That is a beautiful combination, klm. I actually have climbing Queen Elizabeth, but so far she isn't climbing or thriving. I hope she does now I've seen your photo. I may have to shift her perhaps. I was told of an easy way to do garden rose arches here, a friend just uses the very strong panels of sheep yard mesh. Got hubby to bring home two yesterday but my conscience got the better of me, both those are really needed around fodder rolls(hay) to stop the sheep making a mess of them. I'll get some soon, and I've plenty to do in the meantime.
Wish I had ground hogs here if they are territorial. We always have a feral cat problem here. Unfortunately if people want to dump cats they see the forest opposite us as the perfect place for it. If anything was going to eat my rosebuds it'd be our ever so cute possums, but then our cats so far have killed every one of them that has ventured into our garden.

Dee-O-Gee
April 14th, 2010, 09:13 PM
Queen Elizabeth wasn't doing very a few years ago so I performed a soft wood cutting about 5 years ago and made a new rootstock from mother plant. I planted the baby right next to her and the baby has complimented momma! :cloud9:

Goldfields
April 14th, 2010, 09:57 PM
klm, you must have a green thumb. :thumbs up My sister sent me maybe 100 cuttings one year and I only got 30 to take. That is the way to go though, popping cuttings under the bush they came off, my sister is doing that too. Another good way to get a new rose is to just lay a long cane on the ground and cover part of it with soil. When that grows roots you cut it off on the plant side.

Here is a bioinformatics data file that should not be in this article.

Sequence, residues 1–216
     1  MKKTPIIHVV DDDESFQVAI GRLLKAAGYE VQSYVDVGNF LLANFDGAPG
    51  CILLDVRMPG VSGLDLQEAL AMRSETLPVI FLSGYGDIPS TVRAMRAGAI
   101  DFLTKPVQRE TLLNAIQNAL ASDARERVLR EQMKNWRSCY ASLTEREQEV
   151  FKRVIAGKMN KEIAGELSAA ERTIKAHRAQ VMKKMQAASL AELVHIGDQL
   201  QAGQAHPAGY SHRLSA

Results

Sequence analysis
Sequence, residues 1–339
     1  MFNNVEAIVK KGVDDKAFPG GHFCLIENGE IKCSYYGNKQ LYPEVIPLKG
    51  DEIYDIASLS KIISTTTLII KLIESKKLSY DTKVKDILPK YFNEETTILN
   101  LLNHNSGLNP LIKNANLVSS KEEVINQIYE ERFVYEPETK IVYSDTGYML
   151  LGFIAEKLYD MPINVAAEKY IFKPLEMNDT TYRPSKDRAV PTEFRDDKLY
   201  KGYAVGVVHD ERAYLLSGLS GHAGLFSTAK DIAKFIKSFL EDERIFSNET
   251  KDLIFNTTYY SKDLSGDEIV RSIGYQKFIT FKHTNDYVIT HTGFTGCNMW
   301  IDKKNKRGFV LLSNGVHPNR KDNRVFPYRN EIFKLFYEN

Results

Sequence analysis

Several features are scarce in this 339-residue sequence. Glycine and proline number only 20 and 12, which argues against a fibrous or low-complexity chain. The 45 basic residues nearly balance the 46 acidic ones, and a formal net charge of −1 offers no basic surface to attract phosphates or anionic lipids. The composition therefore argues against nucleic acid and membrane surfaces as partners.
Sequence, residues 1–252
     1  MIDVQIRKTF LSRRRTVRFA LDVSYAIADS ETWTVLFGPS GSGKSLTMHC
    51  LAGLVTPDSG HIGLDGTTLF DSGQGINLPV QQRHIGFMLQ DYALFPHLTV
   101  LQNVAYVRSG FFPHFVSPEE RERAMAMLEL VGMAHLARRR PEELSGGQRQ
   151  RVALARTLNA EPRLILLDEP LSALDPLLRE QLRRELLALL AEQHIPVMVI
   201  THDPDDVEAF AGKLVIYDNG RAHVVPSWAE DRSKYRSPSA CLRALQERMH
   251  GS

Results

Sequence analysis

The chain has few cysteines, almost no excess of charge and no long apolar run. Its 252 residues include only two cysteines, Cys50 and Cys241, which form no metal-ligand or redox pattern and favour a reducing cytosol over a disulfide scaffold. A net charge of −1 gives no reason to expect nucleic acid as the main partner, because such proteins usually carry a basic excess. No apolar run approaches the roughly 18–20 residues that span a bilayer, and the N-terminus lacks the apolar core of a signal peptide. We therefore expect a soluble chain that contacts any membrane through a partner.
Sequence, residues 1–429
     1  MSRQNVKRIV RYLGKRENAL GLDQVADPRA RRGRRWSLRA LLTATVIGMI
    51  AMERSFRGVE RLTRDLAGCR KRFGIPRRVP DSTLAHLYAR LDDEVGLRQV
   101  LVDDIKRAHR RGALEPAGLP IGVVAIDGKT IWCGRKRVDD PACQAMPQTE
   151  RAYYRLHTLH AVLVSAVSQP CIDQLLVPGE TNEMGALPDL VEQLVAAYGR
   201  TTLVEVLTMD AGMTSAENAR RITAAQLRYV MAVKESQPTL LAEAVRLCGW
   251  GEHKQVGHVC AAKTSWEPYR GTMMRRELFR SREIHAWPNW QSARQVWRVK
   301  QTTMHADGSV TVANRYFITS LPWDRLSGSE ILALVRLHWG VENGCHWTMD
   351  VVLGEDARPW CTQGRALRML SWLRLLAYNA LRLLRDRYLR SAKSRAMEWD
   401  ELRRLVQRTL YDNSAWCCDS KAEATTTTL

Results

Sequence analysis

We had a dry gum tree branch fall and smash a fence this morning so I won't have much computer time today. :(

Dee-O-Gee
April 14th, 2010, 10:06 PM
Another good way to get a new rose is to just lay a long cane on the ground and cover part of it with soil. When that grows roots you cut it off on the plant side. :(

That's exactly what I did! :lightbulb: I took a long cane, sliced it above a bud, put a match stick between the slice and applied some root hormone. Buried the cut with 2 crossed sticked then placed a rock over the mound. :) I then waited till spring then cut the baby from the mother and planted her (the baby) right next to momma and POOF! :crazy:

Goldfields
April 14th, 2010, 10:44 PM
Not sure I'm with you about how you buried it but there you go, another method I haven't heard of. The way I mentioned there was no cut even. As long as it works, eh? :)

Dee-O-Gee
April 14th, 2010, 10:54 PM
Mid way on the cane that would accompany the buried portion, I found a nice bud and fine sliced it away from the meat of the cane. I then insert a match stick to separate the bud from the "meat" of the cane then bury this "operation" into the ground.

I think I may have an old photocopy of this procedure in my rose book and if so, I'll scan and supply. It has worked well over 5 times with climbers but not hybrids. :(

Goldfields
April 14th, 2010, 11:12 PM
Thanks, that'd be great if you can scan it. I'm sure people on the garden forum here would love to know how it's done too.

hazelrunpack
April 14th, 2010, 11:25 PM
In hazel's case, knowledge does not necessarily mean success! :laughing: Sigh...roses are way beyond my meager capabilities in the garden :o

Goldfields
April 15th, 2010, 01:55 AM
Well, I thought I could never grow them too you know, but if you give them enough water, and feed them well, they are pretty rewarding. I have found that the roses here, because it is so hot in Summer, do better with a piece of slotted irrigation pipe curved down under them so you water straight down to the roots, no evaporation.

mummummum
April 15th, 2010, 08:52 AM
What romantic gardens you have! I'm jalous.
An angel garden is a lovely way to remember our lost ones.

hazelrunpack
April 15th, 2010, 10:31 AM
I seem to get a lot of mildews and fungal diseases when I try roses :shrug: Or bugs. :rolleyes: :o Just never been good with them.